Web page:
How much logic do you guys find in Cobb's blurb

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                          • I thought Ruth had always swung from the heels and never minded missing. I think Cobb is discounting Ruth's success as if to say " If I (Cobb) had been allowed to experiment, I could have done that, too."

                            The Brother Matthias swing that Ruth copied and perfected was a home run swing, not a ground ball or line drive swing. My recollection is he had that swing long before 1914.



                            That's not to say that being a pitcher didn't help Ruth as a batter. I think Ruth said it did. And it's not to say that Ruth wasn't allowed to swing and miss with less criticism than position players. I just think it's a self serving quote from Cobb.
                            Last edited by drstrangelove; 07-09-2015, 05:56 AM.
                            "It's better to look good, than be good."

                            Comment


                            • Originally posted by strato View Post
                              In Robert Creamer's book The Babe, He quotes Ty Cobb as opining that the Babe's status s a pitcher in his early seasons significantly helped his developments as a HR hitter

                              "He could experiment at the plate" said Cobb "He didn't have to get a piece of the ball. He didn't have to protect the plate the was a regular batter was expected to. No one cared much if pitcher struck out or looked bad at bat, so Ruth could take that big swing. If he missed, it didn't matter. An when he didn't miss, the ball went a long way. As time went on, he learned more and more about how to control that big swing and put the wood on the ball. By the time he became a fulltime outfielder, he was ready"

                              He did strike out 27 times in his first 100 AB's his first two seasons.

                              How much logic do you guys find in Cobb's blurb
                              Long before I saw these word by Cobb, I said the same more than a couple of times on this board.
                              The fact that Babe was a pitcher, it would appear it helped him at the plate, not just home runs.

                              Pitch recognition playing some part. Lets remember he was not just a spot pitcher, pitcher only in 1914-15-16-17 and part time in 1918-19.
                              Can it be said with certainty that his pitching helped his hitting, maybe not, but I believe a good possibility.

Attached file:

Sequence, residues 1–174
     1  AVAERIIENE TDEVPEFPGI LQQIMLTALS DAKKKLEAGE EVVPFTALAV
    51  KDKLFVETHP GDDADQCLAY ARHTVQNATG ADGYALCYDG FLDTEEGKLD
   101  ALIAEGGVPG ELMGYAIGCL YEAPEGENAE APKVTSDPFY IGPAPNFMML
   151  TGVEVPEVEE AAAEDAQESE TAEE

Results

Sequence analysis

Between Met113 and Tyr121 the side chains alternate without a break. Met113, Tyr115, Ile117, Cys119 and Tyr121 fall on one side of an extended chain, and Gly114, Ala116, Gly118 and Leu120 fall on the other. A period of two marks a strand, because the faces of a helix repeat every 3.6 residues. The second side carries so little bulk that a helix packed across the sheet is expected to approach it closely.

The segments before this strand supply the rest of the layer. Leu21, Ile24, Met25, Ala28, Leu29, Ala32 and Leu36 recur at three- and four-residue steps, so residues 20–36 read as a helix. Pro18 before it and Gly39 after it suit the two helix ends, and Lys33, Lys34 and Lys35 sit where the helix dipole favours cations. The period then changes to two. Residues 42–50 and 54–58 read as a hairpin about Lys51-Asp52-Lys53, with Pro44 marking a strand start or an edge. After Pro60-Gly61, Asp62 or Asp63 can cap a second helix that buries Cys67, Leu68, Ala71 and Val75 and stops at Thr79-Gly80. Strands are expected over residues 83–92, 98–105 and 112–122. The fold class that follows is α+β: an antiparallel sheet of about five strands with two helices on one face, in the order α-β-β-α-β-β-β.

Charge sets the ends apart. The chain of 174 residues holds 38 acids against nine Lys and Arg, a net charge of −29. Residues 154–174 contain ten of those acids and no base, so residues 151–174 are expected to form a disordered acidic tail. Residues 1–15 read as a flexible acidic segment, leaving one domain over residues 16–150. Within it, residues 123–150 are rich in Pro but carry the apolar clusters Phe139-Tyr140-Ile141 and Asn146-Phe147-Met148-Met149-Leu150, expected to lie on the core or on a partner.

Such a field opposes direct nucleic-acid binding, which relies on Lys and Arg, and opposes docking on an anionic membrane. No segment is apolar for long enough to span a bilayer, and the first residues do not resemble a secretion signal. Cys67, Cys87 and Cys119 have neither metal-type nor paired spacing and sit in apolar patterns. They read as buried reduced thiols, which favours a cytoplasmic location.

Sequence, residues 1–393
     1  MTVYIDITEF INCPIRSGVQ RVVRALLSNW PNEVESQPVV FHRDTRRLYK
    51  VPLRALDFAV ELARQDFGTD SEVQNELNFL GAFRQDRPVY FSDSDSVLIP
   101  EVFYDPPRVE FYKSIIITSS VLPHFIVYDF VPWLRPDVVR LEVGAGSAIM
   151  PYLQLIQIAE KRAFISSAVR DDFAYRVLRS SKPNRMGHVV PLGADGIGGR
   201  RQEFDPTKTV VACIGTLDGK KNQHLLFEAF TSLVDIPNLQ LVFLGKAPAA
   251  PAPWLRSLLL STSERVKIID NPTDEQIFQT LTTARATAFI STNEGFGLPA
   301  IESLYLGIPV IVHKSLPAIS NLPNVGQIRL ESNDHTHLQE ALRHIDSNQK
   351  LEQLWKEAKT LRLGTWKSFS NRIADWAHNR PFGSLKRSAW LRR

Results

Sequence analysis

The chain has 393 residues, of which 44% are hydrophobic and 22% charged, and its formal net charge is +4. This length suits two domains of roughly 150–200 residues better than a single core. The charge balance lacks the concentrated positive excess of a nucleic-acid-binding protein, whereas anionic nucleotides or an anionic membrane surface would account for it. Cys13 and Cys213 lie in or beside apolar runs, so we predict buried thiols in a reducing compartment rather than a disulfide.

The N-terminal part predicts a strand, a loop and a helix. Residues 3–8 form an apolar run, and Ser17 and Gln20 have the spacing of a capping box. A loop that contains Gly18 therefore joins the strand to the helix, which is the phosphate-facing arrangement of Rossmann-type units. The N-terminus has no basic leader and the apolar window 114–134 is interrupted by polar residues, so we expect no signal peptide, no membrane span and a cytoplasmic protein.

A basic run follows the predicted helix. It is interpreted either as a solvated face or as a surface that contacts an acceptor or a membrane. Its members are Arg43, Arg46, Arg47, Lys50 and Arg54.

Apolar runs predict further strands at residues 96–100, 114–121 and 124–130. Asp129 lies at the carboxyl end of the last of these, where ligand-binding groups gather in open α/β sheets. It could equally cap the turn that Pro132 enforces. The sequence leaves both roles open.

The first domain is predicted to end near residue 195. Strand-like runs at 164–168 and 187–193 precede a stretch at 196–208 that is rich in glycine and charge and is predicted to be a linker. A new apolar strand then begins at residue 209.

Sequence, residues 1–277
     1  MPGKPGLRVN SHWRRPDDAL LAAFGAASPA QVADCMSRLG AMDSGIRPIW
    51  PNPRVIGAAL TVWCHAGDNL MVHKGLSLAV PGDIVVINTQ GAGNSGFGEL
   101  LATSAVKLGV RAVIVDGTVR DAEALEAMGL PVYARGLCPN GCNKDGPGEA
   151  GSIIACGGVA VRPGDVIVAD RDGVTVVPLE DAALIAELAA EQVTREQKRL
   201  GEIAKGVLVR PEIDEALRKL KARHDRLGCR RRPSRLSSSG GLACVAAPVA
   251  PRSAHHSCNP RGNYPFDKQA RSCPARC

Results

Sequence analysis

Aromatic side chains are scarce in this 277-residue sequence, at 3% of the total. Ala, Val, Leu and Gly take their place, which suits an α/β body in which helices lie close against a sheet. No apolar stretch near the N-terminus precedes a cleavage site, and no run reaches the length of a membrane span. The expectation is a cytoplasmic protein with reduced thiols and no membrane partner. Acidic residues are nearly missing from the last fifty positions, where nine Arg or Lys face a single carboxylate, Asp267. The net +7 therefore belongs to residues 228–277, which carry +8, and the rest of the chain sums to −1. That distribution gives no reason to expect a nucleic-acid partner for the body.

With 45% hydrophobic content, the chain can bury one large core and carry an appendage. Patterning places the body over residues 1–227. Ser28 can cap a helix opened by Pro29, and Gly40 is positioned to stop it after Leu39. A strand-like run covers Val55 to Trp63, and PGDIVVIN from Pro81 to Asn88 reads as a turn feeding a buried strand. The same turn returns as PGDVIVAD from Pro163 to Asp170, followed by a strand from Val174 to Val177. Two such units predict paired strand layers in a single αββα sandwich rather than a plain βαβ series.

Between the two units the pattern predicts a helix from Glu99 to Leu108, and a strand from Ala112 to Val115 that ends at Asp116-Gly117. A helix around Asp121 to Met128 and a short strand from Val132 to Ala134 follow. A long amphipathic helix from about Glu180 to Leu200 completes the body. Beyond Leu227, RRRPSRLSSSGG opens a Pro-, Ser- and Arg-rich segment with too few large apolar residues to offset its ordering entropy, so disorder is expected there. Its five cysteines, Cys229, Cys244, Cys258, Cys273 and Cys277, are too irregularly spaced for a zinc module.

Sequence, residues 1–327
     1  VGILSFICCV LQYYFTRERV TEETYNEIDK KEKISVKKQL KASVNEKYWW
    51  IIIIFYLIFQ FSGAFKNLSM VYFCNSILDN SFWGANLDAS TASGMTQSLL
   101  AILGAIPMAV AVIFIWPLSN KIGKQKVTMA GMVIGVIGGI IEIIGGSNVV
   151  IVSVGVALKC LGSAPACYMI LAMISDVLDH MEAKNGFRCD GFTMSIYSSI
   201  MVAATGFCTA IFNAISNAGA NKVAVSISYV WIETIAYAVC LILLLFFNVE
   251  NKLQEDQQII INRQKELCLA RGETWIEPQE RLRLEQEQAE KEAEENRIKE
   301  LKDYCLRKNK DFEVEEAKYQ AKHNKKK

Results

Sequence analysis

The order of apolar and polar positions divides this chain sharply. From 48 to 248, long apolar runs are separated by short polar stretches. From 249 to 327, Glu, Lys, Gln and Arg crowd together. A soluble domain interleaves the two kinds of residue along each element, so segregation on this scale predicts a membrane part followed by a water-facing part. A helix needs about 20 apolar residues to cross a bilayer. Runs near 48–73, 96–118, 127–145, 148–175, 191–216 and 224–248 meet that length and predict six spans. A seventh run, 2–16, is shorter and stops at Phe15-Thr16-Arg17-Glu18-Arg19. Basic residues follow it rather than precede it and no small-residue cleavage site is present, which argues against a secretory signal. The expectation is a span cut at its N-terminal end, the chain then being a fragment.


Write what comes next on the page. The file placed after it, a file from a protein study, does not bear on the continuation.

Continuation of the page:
Comment


                              • Originally posted by drstrangelove View Post
                                I thought Ruth had always swung from the heels and never minded missing. I think Cobb is discounting Ruth's success as if to say " If I (Cobb) had been allowed to experiment, I could have done that, too."

                                The Brother Matthias swing that Ruth copied and perfected was a home run swing, not a ground ball or line drive swing. My recollection is he had that swing long before 1914.



                                That's not to say that being a pitcher didn't help Ruth as a batter. I think Ruth said it did. And it's not to say that Ruth wasn't allowed to swing and miss with less criticism than position players. I just think it's a self serving quote from Cobb.
                                As I recall Ruth attributed his batting style to his attempt to emulate Joe Jackson. In looking at old Jackson film footage you can definitely see the similarity. As time passed however, he spread his feet a bit farther apart. Cobb is probably a bit right, but Ruth's batting style was definitely influenced much more by his days at St.Mary's where they played about 200 games a year. They even scheduled some games against small colleges. Babe's hitting as a pitcher was so good and the distance he could drive a ball so unbelievable that they switched him to the outfield. There did not seem to be much of a learning curve to his hitting talent. In 1915 he batted .315 and hit 4 homers as a 20 year-old rookie pitcher. One drive that year cleared the r.f. stand at St. Louis and then the 120' wide Grand Boulevard with its 4 street car tracks in the middle, on the fly. I think Cobb was merely trying to explain the unexplainable. We are still having trouble with it 100 years later.